On Monday, stand-up comedian Sidharth Sagar made serious allegations against his parents, mainly his mother, whom he accused of squandering away all his hard-earned money, leaving him penniless, homeless and institutionalised for a mental disorder that he said he never suffered fro
On the other hand, his mother says Sidharth is addicted to drugs and becomes uncontrollable when he takes them. She told journalists that she had made efforts to get him out of the habit.
Sidharth's accusations sound disturbingly close to what veteran actress Sarika went through. Working from the age of four, and making quite a name for herself as a child actor, Sarika grew up thinking she had a fat bank balance to fall back on. But one fine day she was told by her mother that there was no money. Sarika left her home penniless and slept in her car for a week.
Siddarth's case is not just tragic, but also bizarre. He claims his mother, whom he loved and trusted unconditionally, first separated him from his spiritual guru, then declared him mentally unfit, feeding him wrong medication camouflaged in his food, had him thrown into rehabilitation (for substance abuse, which Sidharth admits being guilty of) and then admitted into a mental asylum where, he claims, he was thrashed regularly by a group of men before being rescued by his managers.
Strangely, Sidharth doesn't remember the name of the mental asylum where he was tortured for days.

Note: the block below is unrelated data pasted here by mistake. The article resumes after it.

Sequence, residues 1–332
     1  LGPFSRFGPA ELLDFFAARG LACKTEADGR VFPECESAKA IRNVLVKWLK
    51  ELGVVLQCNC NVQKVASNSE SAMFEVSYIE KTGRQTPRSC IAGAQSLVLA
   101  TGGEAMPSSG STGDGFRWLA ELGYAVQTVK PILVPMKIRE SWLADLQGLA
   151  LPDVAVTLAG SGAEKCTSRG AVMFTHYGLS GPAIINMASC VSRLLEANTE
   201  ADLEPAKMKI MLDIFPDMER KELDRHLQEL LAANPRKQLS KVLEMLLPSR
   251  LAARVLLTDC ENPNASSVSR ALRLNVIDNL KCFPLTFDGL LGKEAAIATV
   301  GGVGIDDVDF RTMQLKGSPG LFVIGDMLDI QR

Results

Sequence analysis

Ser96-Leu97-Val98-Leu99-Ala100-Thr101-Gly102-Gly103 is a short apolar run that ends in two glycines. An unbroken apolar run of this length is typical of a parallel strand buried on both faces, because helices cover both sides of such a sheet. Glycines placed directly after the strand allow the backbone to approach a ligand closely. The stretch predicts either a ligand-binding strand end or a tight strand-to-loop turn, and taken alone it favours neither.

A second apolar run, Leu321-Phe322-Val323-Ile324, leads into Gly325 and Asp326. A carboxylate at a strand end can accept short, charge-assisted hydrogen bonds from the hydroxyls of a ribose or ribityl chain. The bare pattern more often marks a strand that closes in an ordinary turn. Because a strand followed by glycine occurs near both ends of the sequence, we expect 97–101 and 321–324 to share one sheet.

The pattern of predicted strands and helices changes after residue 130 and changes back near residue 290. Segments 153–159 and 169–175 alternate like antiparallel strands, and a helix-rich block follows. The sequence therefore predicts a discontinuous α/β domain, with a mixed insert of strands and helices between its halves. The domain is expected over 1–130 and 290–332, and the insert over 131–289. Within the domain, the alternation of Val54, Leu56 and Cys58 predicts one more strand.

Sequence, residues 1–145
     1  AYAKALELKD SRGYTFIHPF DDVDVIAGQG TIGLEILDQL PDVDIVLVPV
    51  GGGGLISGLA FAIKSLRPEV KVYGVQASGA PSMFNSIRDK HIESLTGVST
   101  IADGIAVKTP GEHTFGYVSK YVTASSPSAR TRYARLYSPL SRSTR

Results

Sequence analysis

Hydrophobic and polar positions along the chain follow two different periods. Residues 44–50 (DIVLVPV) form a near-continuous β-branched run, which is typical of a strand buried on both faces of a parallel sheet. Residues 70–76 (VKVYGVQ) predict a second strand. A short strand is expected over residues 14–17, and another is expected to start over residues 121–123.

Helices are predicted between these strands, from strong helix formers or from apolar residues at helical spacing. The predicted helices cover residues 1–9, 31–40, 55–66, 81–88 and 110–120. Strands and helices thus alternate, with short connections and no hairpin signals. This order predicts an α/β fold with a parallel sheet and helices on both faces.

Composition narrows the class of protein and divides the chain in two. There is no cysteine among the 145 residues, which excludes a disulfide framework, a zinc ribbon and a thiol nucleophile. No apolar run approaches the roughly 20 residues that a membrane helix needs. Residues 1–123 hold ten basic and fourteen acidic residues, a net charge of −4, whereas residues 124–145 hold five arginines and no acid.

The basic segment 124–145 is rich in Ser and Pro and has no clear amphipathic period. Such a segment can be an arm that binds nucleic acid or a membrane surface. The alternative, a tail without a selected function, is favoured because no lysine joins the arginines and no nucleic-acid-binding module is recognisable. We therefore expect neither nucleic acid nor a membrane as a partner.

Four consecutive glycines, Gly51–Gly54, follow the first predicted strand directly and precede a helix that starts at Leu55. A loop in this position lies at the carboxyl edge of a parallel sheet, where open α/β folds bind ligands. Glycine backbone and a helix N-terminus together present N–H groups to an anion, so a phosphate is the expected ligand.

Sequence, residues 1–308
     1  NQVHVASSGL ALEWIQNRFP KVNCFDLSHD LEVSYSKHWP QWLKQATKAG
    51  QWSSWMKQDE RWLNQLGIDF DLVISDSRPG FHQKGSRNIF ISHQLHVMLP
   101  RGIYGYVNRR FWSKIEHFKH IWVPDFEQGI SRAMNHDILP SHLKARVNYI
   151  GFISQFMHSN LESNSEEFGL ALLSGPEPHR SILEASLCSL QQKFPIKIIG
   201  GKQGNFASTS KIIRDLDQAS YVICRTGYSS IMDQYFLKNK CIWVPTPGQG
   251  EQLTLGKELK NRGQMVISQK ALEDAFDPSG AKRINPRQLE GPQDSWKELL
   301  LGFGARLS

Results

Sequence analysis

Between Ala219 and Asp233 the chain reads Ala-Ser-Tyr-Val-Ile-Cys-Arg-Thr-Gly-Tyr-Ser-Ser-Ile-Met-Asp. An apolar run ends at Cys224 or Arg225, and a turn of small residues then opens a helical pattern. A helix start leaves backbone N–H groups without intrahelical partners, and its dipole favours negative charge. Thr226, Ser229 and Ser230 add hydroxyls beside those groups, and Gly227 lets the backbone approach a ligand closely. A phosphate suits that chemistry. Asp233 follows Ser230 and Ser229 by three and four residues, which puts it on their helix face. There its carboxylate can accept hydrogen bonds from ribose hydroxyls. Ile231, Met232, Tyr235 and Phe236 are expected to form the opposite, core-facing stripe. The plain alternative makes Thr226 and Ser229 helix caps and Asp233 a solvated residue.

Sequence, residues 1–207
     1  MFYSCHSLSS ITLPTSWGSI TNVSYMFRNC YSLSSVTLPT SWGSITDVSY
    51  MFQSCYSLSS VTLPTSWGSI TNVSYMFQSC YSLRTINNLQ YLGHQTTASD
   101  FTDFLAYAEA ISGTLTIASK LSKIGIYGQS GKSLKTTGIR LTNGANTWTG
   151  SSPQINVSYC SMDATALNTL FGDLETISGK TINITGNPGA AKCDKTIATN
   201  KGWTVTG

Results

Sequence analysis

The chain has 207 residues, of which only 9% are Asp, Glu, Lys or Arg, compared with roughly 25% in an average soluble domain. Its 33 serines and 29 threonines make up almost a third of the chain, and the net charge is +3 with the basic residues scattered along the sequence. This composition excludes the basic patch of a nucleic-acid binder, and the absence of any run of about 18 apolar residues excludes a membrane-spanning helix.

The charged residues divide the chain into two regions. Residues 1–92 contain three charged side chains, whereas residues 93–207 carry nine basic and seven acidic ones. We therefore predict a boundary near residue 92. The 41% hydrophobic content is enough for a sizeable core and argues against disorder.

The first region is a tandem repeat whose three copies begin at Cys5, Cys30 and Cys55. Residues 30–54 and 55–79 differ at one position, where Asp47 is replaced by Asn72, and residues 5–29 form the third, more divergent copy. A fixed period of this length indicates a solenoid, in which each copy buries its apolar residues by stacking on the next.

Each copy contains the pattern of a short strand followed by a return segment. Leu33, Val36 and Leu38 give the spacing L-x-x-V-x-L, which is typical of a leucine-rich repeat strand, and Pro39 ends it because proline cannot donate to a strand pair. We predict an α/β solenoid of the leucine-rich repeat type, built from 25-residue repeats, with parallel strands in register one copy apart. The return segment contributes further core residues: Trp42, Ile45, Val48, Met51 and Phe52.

This is a breathtaking drama of deception and escape. Sidharth broke down while narrating it. The question is how much of it can we believe and how much of it is simply an aggrieved son's imagination?
What may have happened to Sidharth is not uncommon in the entertainment business. Sarika, as I said, lost all her money and severed all ties with her mother. The legendary Nutan took her mother, the actress Shobana Samarth, to court over a property dispute. Sridevi and her sister were at loggerheads over their mother's property.
But none of the above disputes got as ugly as Sidharth Sagar's.
While the merit of his accusations need to be examined closely, there is a likelyhood that this young man has been treated unfairly by people close to him. What makes money such a poor unifier? What gives parents the right to treat their children as money-making machines, often at the risk of exposing them to unmentionable dangers? Pratyusha Bannerjee, who committed suicide two years ago, was allegedly pushed into television by her parents whom she supported financially even when broken from within.
Daisy Irani has spoken of how she was raped at the age of six by her guardian.
What makes some parents perpetrators of cruel acts which forfeit the childhood of their children? Pushing kids to perform for the camera and usurping their hard-earned money for self-gratification was a trend that started during the time when Shirley Temple won America's collective heart.
Today, when Sidharth Sagar accuses his Mommy Dearest of taking away his money and mental equilibrium, we can only wonder whether there is need for a law protecting performing children from exploitation by their near ones.(IANS)